Some crops — most often fruits and vegetables — need more water to grow properly than just what they get from rain. The process of supplementing with more water is called irrigation, and there are a variety of technologies which farmers use to make sure that their crops have enough water, and that they don’t use more than they need. In greenhouses, water used for irrigation is collected and reused, ensuring sustainable use of this important resource. Irrigation supports 40 per cent of our global food supply; in Canada, it’s only used by about 8.5 per cent of all farms.
Medicinal crops and growing for sacred ceremonies
Some farmers grow crops for medicine rather than food. Ginseng is one such example. The root was traditionally used in Chinese and Indigenous medicine, but is now used to treat a range of ailments. Canada is a global leader in the production of North American ginseng, with more than two-thirds of the entire crop grown in a small area of Southwestern Ontario. Most is exported to markets in Asia. Ginseng beds are easily recognizable, as they’re covered by shade cloth structures — that’s because the plants must be grown in 70 to 80 per cent shade.
Cannabis is another crop that is increasingly being grown in Canada, both for medicinal and recreational uses. Licensed growers grow the crop primarily in greenhouses, under very strict rules and regulations. In 2018, Canada became the
second country in the world to legalize use of recreational cannabis, although health-related uses had been allowed for longer.
Growing for sacred ceremonies
Tobacco, cedar, sweet grass, and sage are the four sacred plants of Canada’s First Nations. Tobacco plays a major role in every stage of life for some Indigenous cultures — the smoke is believed to be a pathway to the spirit world, carrying all thoughts, feelings, and prayers to the Creator. The University of Saskatchewan has been conducting trials growing traditional Nicotiana rustica or ceremonial tobacco, harvesting its first crop in 2019, and sharing plants and seeds with local Indigenous populations.
Ginseng grown in Canada for 300 years
Ginseng has been part of traditional Chinese medicine for over 2,000 years, and is sought after for its medicinal properties. The First Nations and Chinese cultures have long revered ginseng as the miracle “man-root” — known as such because the root shape resembles a human, and is believed to be beneficial for every part of one’s being. Panax quinquefolious ginseng (a.k.a. North American ginseng, or NAG) is native to Canada, and cultivating it is one of the country’s oldest trades. Ginseng was found growing in the early 1700s near Montréal by a Jesuit Priest, and has been used as a valued crop for 300 years. The majority of Canadian product goes to China, Hong Kong, Taiwan, Singapore, and increasingly, to Vietnam.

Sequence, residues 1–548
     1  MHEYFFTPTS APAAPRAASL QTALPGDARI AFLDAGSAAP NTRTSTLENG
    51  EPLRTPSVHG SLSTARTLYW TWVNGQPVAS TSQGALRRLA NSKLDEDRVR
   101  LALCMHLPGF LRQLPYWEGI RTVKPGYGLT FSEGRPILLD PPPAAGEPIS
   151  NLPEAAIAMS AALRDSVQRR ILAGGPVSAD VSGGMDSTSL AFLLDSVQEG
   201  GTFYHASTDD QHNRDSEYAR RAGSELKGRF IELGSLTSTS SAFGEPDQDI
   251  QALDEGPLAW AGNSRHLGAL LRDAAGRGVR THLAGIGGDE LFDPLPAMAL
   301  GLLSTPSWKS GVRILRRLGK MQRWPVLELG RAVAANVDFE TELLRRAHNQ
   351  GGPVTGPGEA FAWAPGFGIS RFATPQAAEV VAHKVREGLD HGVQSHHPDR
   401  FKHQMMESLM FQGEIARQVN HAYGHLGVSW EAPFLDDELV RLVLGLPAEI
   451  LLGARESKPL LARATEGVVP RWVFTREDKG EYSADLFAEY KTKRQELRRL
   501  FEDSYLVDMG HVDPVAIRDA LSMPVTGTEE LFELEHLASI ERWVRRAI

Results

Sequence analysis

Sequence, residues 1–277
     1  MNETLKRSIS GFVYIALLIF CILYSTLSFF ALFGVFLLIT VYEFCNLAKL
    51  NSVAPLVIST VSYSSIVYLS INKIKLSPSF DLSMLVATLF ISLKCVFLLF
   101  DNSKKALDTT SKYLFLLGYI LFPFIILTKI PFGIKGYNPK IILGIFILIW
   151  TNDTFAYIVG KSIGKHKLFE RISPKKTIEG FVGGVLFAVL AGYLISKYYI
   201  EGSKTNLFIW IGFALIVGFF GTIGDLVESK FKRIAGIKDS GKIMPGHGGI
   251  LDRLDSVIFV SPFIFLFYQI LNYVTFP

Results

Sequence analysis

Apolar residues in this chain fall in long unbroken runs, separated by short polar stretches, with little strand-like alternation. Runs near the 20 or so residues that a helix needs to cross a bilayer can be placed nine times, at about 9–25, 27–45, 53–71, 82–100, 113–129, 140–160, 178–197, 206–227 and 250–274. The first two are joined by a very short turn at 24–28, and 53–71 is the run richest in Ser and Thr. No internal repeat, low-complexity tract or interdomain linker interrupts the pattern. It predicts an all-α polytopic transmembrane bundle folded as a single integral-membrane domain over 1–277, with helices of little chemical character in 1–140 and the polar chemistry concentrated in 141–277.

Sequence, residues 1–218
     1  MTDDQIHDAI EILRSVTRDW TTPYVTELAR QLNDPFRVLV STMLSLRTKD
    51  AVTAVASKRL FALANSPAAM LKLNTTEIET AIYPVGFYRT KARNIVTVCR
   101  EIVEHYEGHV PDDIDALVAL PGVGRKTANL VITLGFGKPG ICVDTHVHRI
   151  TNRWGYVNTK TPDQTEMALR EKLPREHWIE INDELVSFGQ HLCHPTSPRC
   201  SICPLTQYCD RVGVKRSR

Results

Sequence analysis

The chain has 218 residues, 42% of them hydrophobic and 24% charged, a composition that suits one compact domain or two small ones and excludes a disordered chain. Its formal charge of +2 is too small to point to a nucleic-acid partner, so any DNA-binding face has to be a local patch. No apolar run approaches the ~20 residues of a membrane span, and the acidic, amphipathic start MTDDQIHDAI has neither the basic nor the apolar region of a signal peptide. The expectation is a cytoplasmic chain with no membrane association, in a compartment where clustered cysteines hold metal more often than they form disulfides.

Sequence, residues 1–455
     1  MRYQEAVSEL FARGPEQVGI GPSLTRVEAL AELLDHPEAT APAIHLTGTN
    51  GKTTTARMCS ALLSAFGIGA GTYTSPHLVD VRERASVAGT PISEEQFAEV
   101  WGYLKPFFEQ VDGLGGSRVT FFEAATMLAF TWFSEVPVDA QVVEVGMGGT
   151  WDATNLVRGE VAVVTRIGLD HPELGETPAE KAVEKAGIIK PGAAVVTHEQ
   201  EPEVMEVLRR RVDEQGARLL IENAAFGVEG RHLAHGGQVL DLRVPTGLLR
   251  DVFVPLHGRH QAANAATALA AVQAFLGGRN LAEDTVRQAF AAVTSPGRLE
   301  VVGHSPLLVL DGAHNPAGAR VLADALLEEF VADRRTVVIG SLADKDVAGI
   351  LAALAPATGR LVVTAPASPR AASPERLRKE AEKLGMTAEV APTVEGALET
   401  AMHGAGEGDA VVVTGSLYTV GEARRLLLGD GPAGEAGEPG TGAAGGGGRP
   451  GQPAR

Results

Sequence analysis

Ginseng is a high-risk crop to grow for a number of reasons. Firstly, farmers do not have access to insurance programs on which to rely in case of a catastrophic weather event or crop failure. It’s also a very labour intensive crop because it grows under thick black netted shades that mimic a forest’s canopy. These structures are both expensive to erect and to maintain. Finally, it is generally a four to five-year process from the time a field is prepared and the crop is planted, to when it’s harvested. Today, most of Canada’s ginseng is grown in Ontario by about 160 farmers. The sandy soils and climate of southwestern Ontario are ideal for ginseng growth because they most closely mimic conditions where wild ginseng thrives.
Canadian crops for the Canadian climate
The climate varies across the country, but winters pretty much anywhere in Canada are cold and snowy, and there are only a few warm summer months. Crops have to be strong enough to survive those extremes. Plants that grow well in warmer climates don’t always produce well in Canada. That’s why Canadian plant breeders work hard to develop new varieties suited for Canadian climates. New corn and soybean varieties, for example, can now be grown in cooler regions of the country. New asparagus varieties, which are both cold-hardy and resistant to specific crop diseases, have been developed. The same goes for new varieties of pears, sweet potatoes, and even roses.